“I was a house. / I was a witch” declares the middle stanza of Muriel Leung’s “A House Fell Down on All of Us” from the newest issue of DRUNKEN BOAT. This poem, in my reading, functions to present intermingling transformations that perform whatever an opposite of distillation forecloses.
When Donika Kelly's debut collection of poetry, Bestiary, was released barely one month ago, it came as the winner of the Cave Canem Poetry Prize and a long-listed nominee for the 2016 National Book Award. From page one, it's obvious why.
Remarkably, Lucinda seems both composition exercise and confession (“once again the text finds itself / helplessly stuck between two distinct / critical foci, pinioned”), as unclassifiable and as exciting as the more than 200-year-old book that inspired it.
Sometimes, place is an obvious theme or motif in a work, while other times it informs a work in a subtler but still necessary way.
In this fantastic collection what is evident from the get-go is that the speaker is most definitely a daughter. She is also a wife, a mother, a woman of the deep heart and spirit. Reckless? No. Or, yes, if the heart is a reckless landscape of emotive temperaments, shifts,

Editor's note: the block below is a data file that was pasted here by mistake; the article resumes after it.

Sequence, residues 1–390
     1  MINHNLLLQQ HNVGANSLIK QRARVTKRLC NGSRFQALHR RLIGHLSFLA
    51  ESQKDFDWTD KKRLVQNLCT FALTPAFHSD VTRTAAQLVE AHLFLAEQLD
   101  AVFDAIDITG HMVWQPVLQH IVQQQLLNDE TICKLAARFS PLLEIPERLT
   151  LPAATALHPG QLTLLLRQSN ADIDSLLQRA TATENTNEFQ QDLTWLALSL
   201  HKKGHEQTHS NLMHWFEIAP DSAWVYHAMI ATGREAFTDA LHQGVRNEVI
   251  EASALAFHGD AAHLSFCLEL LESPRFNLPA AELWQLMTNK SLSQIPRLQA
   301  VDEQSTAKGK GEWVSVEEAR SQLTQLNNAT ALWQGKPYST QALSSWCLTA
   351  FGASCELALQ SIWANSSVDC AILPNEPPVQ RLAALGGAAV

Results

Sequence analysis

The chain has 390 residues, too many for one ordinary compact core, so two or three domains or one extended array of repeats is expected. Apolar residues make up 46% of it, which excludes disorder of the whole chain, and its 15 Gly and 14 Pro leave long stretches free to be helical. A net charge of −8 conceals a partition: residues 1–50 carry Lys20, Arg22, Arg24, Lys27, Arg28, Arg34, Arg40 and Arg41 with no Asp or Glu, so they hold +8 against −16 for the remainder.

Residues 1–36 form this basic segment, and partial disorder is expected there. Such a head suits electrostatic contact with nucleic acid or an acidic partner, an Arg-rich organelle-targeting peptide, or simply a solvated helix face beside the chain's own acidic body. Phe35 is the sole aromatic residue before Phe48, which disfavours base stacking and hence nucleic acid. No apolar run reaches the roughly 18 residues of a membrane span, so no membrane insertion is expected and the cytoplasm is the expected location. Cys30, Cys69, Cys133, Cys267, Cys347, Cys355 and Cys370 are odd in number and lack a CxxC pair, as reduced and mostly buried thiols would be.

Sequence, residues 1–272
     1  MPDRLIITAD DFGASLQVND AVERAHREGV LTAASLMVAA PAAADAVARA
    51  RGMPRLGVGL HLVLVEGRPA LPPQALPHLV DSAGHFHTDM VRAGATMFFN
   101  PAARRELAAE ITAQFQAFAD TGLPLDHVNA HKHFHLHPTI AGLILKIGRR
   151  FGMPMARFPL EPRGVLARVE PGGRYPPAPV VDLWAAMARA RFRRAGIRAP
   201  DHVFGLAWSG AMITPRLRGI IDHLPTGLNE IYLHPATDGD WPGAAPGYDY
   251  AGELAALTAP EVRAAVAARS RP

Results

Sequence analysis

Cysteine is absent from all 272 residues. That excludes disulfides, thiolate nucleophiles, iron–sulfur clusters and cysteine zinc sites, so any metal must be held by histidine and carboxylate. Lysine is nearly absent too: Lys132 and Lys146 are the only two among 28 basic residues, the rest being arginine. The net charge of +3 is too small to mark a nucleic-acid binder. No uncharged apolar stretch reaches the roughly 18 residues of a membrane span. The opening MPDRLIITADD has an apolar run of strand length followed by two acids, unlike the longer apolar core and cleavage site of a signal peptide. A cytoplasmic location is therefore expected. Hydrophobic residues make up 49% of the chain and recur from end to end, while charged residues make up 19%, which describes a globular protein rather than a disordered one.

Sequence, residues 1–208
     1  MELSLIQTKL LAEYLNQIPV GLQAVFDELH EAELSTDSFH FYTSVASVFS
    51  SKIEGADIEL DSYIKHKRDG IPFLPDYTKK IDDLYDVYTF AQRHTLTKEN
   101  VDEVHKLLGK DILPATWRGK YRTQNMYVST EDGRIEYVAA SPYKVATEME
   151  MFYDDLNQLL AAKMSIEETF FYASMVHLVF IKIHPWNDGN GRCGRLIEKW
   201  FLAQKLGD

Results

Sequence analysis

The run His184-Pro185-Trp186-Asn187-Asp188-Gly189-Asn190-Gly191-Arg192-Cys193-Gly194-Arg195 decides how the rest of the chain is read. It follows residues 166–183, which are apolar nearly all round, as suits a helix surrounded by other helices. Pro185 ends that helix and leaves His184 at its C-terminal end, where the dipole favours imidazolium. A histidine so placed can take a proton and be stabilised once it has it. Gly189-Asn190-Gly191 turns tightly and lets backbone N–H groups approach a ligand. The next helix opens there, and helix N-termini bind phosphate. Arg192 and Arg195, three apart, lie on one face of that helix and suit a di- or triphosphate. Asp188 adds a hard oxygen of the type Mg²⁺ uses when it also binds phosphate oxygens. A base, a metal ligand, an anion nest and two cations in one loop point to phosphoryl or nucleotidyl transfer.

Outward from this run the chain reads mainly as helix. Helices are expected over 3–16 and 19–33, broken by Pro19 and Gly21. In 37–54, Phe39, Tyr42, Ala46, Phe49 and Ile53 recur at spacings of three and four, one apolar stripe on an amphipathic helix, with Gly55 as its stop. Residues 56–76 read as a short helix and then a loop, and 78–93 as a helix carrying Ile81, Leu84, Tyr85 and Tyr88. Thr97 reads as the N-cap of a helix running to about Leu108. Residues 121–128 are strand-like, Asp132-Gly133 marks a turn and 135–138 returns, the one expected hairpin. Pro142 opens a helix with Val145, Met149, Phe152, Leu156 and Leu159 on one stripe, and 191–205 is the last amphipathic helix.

A new kind of writing about motherhood may be emerging. Rachel Zucker's and Arielle Greenberg's Home/Birth, Brenda Shaughnessy's Our Andromeda, Eula Biss's On Immunity, and Maggie Nelson's The Argonauts, for example, are conscious in a contemporary way about new possibilities of childbearing and parenting, about choices and agency, yet
William Wenthe’s latest collection, God’s Foolishness (winner of the L.E. Phillabaum Poetry Award with LSU Press), begins in mid-August, weighted with back to school and the anticipation for new opportunities . . . but also the dissatisfaction of unfulfilled goals.
For August, I read three chapbooks that dealt with ideas of past, present, and future in both overlapping and contrasting ways. They also each somehow dealt with ideas of spaces that became place for the writers, though sometimes these places were more about time than physical geography.
Jana Prikryl’s The After Party is one of those rare debut volumes, like Stevens’s Harmonium, in which we meet an already fully-inhabited voice. In some such cases, much unforeseeable development may be in store, as with Graham’s Hybrids of Plants and Ghosts; sometimes, as with Delmore Schwartz’s In Dreams
When I arrived in Florence for an extended trip, I was determined not to look like a tourist. I wanted to carry a leather-bound notebook and sit at sidewalk cafes drinking cappuccinos and looking thoughtful. Mostly, I wanted to read The Decameron and the last two books of The